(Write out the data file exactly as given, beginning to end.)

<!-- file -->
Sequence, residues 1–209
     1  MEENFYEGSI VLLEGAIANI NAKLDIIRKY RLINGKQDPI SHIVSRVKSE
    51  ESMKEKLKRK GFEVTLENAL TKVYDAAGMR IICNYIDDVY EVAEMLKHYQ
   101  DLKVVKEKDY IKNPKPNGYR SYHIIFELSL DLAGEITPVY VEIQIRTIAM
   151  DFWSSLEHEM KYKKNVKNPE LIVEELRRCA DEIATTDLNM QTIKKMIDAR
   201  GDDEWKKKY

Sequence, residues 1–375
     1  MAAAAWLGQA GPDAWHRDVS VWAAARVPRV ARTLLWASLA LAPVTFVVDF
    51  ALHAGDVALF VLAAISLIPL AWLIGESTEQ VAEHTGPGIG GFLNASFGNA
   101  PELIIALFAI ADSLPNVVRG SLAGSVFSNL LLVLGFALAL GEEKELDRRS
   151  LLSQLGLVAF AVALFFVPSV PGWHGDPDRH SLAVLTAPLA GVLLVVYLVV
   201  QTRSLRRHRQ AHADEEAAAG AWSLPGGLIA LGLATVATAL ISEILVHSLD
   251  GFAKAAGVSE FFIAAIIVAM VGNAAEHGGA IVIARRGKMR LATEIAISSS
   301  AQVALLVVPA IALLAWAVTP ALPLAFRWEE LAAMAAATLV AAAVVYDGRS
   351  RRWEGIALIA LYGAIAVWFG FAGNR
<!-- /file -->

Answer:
Sequence, residues 1–209
     1  MEENFYEGSI VLLEGAIANI NAKLDIIRKY RLINGKQDPI SHIVSRVKSE
    51  ESMKEKLKRK GFEVTLENAL TKVYDAAGMR IICNYIDDVY EVAEMLKHYQ
   101  DLKVVKEKDY IKNPKPNGYR SYHIIFELSL DLAGEITPVY VEIQIRTIAM
   151  DFWSSLEHEM KYKKNVKNPE LIVEELRRCA DEIATTDLNM QTIKKMIDAR
   201  GDDEWKKKY

Sequence, residues 1–375
     1  MAAAAWLGQA GPDAWHRDVS VWAAARVPRV ARTLLWASLA LAPVTFVVDF
    51  ALHAGDVALF VLAAISLIPL AWLIGESTEQ VAEHTGPGIG GFLNASFGNA
   101  PELIIALFAI ADSLPNVVRG SLAGSVFSNL LLVLGFALAL GEEKELDRRS
   151  LLSQLGLVAF AVALFFVPSV PGWHGDPDRH SLAVLTAPLA GVLLVVYLVV
   201  QTRSLRRHRQ AHADEEAAAG AWSLPGGLIA LGLATVATAL ISEILVHSLD
   251  GFAKAAGVSE FFIAAIIVAM VGNAAEHGGA IVIARRGKMR LATEIAISSS
   301  AQVALLVVPA IALLAWAVTP ALPLAFRWEE LAAMAAATLV AAAVVYDGRS
   351  RRWEGIALIA LYGAIAVWFG FAGNR